American Beach in Jacksonville, Florida, was the only beach in Florida that welcomed Blacks and offered a safe and offered secure overnight accommodations during the Jim Crow segregation era. The beach was founded in 1935 by the Afro-American Life Insurance company, which was established in 1901 to provide Jacksonville’s black community with life insurance.
The firm’s Afro-American Pension Bureau purchased a 33-acre piece of property at the beach on nearby Amelia Island. This area of land was obtained in part as an investment, but also to provide it as a resort area for Black Floridians who had been excluded from other beaches. Abraham Lincoln Lewis, the President of Afro-American Life, ironically named the area American Beach because he and others felt that in the United States beach access should be open to everyone.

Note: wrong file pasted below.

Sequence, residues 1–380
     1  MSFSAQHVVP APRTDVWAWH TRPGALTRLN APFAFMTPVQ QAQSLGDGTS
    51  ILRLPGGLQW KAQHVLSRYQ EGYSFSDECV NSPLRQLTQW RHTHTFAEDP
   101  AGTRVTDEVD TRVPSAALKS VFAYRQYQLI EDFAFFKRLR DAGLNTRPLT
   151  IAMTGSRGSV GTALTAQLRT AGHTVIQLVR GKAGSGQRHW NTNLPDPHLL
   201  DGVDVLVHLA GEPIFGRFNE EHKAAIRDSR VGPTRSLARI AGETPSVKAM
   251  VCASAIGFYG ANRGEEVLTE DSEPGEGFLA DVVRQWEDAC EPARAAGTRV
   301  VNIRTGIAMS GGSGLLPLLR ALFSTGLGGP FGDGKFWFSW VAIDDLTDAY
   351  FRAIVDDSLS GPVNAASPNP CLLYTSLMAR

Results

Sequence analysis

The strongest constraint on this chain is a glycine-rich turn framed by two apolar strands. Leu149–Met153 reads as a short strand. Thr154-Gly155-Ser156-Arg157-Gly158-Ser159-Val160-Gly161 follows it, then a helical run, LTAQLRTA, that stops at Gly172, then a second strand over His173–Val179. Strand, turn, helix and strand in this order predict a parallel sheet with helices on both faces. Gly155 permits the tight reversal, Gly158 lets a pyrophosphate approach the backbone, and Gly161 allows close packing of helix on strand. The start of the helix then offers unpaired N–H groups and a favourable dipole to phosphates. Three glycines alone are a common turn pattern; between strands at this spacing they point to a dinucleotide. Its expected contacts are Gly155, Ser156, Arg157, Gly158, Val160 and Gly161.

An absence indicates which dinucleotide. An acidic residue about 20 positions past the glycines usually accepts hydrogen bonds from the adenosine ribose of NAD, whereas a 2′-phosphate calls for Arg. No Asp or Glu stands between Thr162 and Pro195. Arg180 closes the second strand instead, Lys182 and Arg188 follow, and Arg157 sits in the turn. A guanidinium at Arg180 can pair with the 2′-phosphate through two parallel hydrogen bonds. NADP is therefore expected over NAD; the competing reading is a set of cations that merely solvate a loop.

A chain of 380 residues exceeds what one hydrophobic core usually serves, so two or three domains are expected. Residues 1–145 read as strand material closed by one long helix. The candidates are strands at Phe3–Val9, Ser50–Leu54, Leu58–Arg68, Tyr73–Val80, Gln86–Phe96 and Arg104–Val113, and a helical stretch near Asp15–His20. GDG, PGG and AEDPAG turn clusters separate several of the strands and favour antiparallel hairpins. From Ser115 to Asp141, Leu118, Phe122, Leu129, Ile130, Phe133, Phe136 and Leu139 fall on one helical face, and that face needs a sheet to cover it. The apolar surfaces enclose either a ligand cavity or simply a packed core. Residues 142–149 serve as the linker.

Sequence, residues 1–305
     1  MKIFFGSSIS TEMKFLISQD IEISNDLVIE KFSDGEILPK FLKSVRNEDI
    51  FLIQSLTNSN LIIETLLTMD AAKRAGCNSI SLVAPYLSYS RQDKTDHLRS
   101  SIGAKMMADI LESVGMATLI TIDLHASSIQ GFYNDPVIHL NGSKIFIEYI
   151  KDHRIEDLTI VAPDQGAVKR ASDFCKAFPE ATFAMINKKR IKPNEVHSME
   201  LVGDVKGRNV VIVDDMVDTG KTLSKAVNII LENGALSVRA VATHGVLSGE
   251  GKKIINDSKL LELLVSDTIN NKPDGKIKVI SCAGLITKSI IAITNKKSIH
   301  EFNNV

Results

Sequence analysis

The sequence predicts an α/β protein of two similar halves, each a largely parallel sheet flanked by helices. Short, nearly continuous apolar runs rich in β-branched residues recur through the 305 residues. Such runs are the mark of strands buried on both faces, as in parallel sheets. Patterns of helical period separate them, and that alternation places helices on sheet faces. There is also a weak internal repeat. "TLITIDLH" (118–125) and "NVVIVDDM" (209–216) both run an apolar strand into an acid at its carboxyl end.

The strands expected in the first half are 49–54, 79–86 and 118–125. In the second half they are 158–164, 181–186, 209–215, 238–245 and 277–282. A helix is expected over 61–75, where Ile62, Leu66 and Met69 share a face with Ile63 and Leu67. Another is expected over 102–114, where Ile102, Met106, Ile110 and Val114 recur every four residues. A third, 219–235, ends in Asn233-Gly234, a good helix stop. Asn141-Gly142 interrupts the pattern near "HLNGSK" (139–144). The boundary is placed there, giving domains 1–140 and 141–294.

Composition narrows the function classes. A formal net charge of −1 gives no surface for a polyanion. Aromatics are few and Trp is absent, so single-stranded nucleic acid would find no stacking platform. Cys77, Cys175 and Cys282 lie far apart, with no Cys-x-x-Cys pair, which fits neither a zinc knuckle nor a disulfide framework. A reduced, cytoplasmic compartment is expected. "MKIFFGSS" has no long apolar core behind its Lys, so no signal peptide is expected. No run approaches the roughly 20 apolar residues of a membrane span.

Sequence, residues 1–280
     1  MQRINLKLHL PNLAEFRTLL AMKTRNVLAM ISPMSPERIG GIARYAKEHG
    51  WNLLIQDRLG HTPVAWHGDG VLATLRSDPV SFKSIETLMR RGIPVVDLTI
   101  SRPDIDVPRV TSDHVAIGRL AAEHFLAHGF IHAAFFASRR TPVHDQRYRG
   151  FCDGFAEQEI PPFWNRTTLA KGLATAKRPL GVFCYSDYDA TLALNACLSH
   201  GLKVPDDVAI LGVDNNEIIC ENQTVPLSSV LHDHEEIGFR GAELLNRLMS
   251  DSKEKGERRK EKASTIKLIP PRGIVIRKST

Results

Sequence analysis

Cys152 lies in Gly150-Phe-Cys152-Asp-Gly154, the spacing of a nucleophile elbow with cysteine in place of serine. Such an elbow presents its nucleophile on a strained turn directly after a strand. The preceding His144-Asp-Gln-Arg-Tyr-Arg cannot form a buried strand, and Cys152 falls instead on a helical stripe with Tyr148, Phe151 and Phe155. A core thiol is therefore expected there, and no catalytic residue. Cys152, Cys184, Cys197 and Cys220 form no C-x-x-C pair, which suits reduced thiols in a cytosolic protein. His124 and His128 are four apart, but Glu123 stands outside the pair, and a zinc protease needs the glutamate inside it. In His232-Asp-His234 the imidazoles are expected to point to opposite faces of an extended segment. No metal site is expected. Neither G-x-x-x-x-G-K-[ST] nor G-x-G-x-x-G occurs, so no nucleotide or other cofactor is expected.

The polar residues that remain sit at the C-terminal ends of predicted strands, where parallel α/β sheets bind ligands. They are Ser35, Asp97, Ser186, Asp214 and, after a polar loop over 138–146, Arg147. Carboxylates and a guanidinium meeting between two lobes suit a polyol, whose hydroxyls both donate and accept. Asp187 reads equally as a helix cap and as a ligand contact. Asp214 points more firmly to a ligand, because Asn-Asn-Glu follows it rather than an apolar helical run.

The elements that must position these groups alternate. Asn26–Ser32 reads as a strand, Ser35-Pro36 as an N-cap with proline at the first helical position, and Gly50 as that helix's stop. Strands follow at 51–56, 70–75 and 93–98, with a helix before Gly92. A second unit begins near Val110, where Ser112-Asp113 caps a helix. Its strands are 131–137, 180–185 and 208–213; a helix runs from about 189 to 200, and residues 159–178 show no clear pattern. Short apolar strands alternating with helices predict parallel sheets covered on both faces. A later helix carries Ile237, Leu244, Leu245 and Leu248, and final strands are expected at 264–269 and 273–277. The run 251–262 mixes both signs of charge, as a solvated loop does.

Florida’s Black millionaires and landowners built homes in the area and encouraged other African-Americans to do the same. Between the late 1930s and 1950s,tourists traveled from all over the country to stay at the resort. Prominent entertainers performed at the beach resort, including Ray Charles, Duke Ellington, and Cab Calloway. The beach continued to thrive for nearly three decades.
In 1964, Hurricane Dora ripped the resort apart and destroyed several homes and businesses. Many owners either would not or could not afford to rebuild their legacy. The desegregation of beaches due to the Civil Rights Act the same year caused Blacks to frequent beaches closer to their homes. Consequently, like similar resorts across the nation, American Beach residents abandoned or sold their properties, and most tourists stopped visiting altogether. Nevertheless, a small loyal group of American Beach families remained in the area. By the 1980s, the location attracted new home owners to the area.